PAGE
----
Other tests to find antibodies to specific bacteria or viruses (immunologic tests)
In intubated patients, epiglottal culture
These laboratory tests may not be useful in diagnosing epiglottitis until the person is stable. Also, the anxiety from having blood drawn or cultures taken from the throat may cause the unstable epiglottis to close off, completely blocking the airway and creating an emergency with only a few minutes to correct.
Even with all of our modern technology, epiglottitis is not easy to diagnose. It is often mistaken for strep throat or croup. Epiglottitis differs from croup by its worsening progress, lack of a barking cough, and a cherry-red, swollen epiglottis (unlike a red, unswollen epiglottis in croup). One way doctors can tell epiglottitis from croup is by taking X-rays of the neck, which can show the swollen epiglottis.
Other misdiagnoses of epiglottitis include diphtheria, peritonsillar abscess, and infectious mononucleosis.
Non-infectious causes have been mistaken as angioedema (swelling of the tissues in the airway), laryngeal inflammation or spasm, laryngeal trauma, cancerous growths, allergic reactions, thyroid gland infection, epiglottic hematoma (trapped blood pocket), hemangioma (abnormal collection of blood vessels), or inhalational injury.
Immediate hospitalization is required whenever the diagnosis of epiglottitis is suspected. The person is in danger of sudden and unpredictable closing of the airway. So doctors must establish a secure way for the person to breathe. Antibiotics may be given.
Treatment of epiglottitis may start with making the person as comfortable as possible. For instance, an ill child may be placed in a dimly lit room with the parent holding the child. Then, the child may get humidified oxygen while being closely watched. If there are no signs of respiratory distress, IV fluids may be helpful. It is important to prevent anxiety, because it may lead to an acute airway obstruction, especially in children.
People with possible signs of airway obstruction require laryngoscopy in the operating room or intensive care unit with proper staff and airway intervention equipment. In very severe cases, the doctor may need to perform a cricothyrotomy (cutting the neck to insert a breathing tube directly into the windpipe).
IV antibiotics may effectively control inflammation and get rid of the infection from the body. Antibiotics are usually prescribed to treat the most common types of bacteria. Blood cultures are usually taken to show whether an organism is growing in the blood that could be causing the epiglottitis. In many cases, blood cultures may not show if this is the problem. If a patient is intubated, cultures taken directly from the epiglottis may work better.
Corticosteroids and epinephrine have been used in the past. However, many experts now doubt that these drugs are helpful in most cases of epiglottitis.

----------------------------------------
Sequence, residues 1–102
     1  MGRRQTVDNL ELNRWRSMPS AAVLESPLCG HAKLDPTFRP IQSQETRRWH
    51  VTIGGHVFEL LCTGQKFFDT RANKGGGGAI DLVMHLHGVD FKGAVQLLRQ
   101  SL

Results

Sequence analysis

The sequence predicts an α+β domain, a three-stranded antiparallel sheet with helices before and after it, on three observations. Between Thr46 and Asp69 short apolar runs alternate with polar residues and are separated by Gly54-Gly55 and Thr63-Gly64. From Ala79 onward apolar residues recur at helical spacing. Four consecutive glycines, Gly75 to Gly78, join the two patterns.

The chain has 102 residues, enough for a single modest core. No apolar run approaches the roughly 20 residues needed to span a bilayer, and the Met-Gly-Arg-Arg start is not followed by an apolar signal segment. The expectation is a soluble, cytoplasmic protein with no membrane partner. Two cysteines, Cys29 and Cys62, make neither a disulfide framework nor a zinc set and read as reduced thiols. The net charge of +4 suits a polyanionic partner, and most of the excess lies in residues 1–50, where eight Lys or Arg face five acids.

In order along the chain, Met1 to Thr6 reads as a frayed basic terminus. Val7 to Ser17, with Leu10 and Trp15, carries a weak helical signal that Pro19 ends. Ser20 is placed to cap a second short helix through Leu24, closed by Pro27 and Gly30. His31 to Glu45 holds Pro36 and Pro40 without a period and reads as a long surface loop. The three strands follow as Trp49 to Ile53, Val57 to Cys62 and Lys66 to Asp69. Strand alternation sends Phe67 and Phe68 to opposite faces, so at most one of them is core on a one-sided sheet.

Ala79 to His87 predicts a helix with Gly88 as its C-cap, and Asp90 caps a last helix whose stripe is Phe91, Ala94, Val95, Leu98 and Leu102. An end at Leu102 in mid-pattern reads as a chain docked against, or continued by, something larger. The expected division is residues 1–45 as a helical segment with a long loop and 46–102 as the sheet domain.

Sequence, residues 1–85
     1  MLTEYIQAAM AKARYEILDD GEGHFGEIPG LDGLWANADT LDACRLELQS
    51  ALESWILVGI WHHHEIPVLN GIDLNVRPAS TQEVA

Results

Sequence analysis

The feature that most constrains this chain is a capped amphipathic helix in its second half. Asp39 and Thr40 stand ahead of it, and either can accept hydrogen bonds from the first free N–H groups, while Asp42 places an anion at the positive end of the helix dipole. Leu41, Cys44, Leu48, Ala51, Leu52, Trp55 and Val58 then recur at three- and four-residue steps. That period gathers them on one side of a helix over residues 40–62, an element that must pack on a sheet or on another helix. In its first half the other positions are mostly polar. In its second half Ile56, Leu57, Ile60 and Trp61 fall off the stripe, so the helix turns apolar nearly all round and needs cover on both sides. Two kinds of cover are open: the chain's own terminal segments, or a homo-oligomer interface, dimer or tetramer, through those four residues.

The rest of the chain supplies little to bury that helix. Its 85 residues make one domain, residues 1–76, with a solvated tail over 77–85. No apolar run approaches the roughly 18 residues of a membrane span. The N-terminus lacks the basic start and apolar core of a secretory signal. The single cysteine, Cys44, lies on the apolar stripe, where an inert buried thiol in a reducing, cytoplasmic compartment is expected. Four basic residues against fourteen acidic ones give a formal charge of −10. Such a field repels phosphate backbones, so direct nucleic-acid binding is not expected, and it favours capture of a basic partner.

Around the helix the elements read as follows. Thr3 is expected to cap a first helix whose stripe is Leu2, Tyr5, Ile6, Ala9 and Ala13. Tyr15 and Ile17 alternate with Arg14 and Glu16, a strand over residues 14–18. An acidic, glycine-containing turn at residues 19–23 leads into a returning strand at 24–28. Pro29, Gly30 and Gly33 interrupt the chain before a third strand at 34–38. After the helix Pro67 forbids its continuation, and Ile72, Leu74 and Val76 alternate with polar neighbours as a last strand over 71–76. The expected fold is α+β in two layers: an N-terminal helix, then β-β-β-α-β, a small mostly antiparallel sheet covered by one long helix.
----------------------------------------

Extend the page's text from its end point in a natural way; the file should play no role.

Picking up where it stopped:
Take all antibiotics until the full course is completed. Keep all follow-up appointments with the doctor -- and with the surgeon if a breathing tube had to be placed through the neck. The surgeon will remove the tube and make sure the site is healing well. Most people feel much better before leaving the hospital, so taking the antibiotics and returning to the hospital if there are any problems are the most important parts of follow-up.
Possible complications of epiglottitis include:
A swollen, narrowed airway that can cause respiratory failure
Infections that can spread to other parts of your body
Epiglottitis can often be prevented with proper vaccination against H influenza type b (Hib). Adults usually do not need the vaccine unless they have immune problems like sickle cell anemia, splenectomy (removal of the spleen), cancers, or other diseases affecting the immune system.
Under the age of 4 and has not received all the Hib vaccinations
Under 12 months and has not finished the first series of Hib vaccine
Under age 18 with a weakened immune system
This is done to make sure that both the person with the illness and the rest of the household do not have the bacteria. This prevents a "carrier state" from forming in which a person has the bacteria in the body but is not actively sick. Carriers can still spread the infection to other family members.
A person with epiglottitis can recover very well with a good prognosis if the condition is caught early and treated in time. In fact, a good majority of people with epiglottitis do well and recover without problems. But if the person was not brought to the hospital early and was not appropriately diagnosed and treated, the prognosis may range from long-range illness to death.
Before 1973, about 32% of adults with epiglottitis died from the disease. With current vaccination programs and earlier recognition and treatment, the death rate from epiglottitis is estimated to be less than 1%. The death rate from epiglottitis in adults is higher than that of children because the condition can be misdiagnosed.
Epiglottitis can also occur with other infections in adults, such as pneumonia. If it is caught early and treated, a person can expect to fully recover. Most of the deaths come from failure to diagnose it quickly and obstruction of the airway. As with any serious infection, bacteria may enter the blood, a condition called bacteremia, which may result in infections in other systems and sepsis (severe infection with shock, often with respiratory failure).